If our lives are lived, as William James claimed, “upon the front edge of an advancing wave-crest” that pulls us blindly into the future, then death is the ultimate and inevitable crash upon the shore. This sudden absence creates a rift, a seeming absurdity, too, as the deceased continues to live on in memory. The questions that arise in death’s wake can be maddening. What became of this person, this life? How can he be here one minute, and then gone forever the next?
Azareen Van der Vliet Oloomi’s first novel, Fra Keeler, begins with this endpoint in mind. Fra Keeler has died, and the unnamed narrator moves into his house to become the self-appointed investigator of Fra Keeler’s death. He considers, in retrospect: “. . . it is the same thought since I left the realtor’s office: some people’s deaths need to be thoroughly investigated, and, Yes, I think then, Yes: I bought this home in order to fully investigate Fra Keeler’s death.” This is no routine investigation, however, as precious few details about the past, characters, and plot are revealed. We know little about the death other than its cause: lung cancer, and location: the Netherlands, and that there’s a discrepancy even in this detail. Of Fra Keeler’s life, we know even less. The narrator’s connection remains a mystery except that he, the narrator, hasn’t been the same since Fra Keeler’s “timely and magnificent” death. But in what way was it timely or magnificent?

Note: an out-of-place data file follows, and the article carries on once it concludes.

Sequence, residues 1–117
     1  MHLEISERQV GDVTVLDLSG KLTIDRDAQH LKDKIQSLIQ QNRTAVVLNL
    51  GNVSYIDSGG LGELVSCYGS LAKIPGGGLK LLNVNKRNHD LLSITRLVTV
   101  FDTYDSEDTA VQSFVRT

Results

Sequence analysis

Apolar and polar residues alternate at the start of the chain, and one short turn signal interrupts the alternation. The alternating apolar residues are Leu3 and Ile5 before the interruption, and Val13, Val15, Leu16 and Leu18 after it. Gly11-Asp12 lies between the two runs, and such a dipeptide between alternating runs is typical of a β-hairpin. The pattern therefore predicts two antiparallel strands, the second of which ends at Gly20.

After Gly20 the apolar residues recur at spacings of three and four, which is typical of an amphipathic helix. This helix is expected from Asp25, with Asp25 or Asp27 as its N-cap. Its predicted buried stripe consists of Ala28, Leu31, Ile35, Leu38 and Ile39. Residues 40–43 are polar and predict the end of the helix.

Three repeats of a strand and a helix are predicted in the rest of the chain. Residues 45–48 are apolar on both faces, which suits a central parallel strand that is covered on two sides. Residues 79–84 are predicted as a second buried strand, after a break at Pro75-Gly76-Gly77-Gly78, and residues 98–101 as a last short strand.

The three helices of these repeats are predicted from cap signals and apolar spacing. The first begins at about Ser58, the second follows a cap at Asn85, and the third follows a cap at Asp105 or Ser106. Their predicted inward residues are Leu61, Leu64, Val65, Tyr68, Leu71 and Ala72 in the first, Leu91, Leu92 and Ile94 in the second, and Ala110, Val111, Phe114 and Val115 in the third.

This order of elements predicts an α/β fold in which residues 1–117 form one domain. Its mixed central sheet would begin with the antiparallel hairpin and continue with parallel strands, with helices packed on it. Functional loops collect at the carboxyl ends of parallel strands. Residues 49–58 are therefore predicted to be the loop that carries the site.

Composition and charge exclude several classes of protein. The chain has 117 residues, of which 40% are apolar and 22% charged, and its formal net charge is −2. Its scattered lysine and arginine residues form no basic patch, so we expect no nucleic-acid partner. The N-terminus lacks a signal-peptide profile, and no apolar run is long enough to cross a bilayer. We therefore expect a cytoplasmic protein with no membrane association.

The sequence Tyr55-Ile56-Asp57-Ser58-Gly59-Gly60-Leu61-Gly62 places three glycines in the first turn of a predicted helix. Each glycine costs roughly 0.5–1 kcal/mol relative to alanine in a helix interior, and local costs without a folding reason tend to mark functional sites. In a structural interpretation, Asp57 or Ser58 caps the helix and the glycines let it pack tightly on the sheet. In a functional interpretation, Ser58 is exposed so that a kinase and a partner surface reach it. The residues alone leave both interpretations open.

In this sense, the novel’s beginnings seem to ascribe to the tenets of the nouveau roman outlined by French author Alain Robbe-Grillet nearly sixty years ago. In his For a New Novel, he grapples with how the novel can remain relevant in an age when “tell[ing] a story has become strictly impossible.” The new novel values the material world of objects and surfaces over psychological depth, and seeks out more relevant structures. Though while the first of these holds true for Fra Keeler—the narrator is unable to piece together a coherent narrative, that is, discover the “truth” about Fra Keeler’s death—this novel is very much concerned with life’s psychological underpinnings, so much so that the majority of action is entrenched within the narrator’s mind.
Fra Keeler falls within its own more contemporary lineage, too, as part of the esteemed catalog of books published by Danielle Dutton’s Dorothy Project, now entering its fifth year. Dorothy Project is dedicated to publishing works of fiction or “near-fiction” written “mostly by women” and that uphold two standards: the books must be “uniquely themselves” and in this uniqueness they must persuade the reader of their inherent wonderfulness. This is very much true of Amina Cain’s Creature, whose stories take form like latticework structures, whose open spaces are filled with imagination and life, as well as of the three books in Renee Gladman’s Ravicka trilogy, concerned with the architectures of space and absence and language. Dutton’s own novel Sprawl (though published by Siglio) must be included in this lineage, too, as it shares this conern for space and for carving out narrative suited to the novel’s internal logic, in this case, stitched-together suburban lawns and sidewalks and houses and hearths and the lives that unfold around and within them.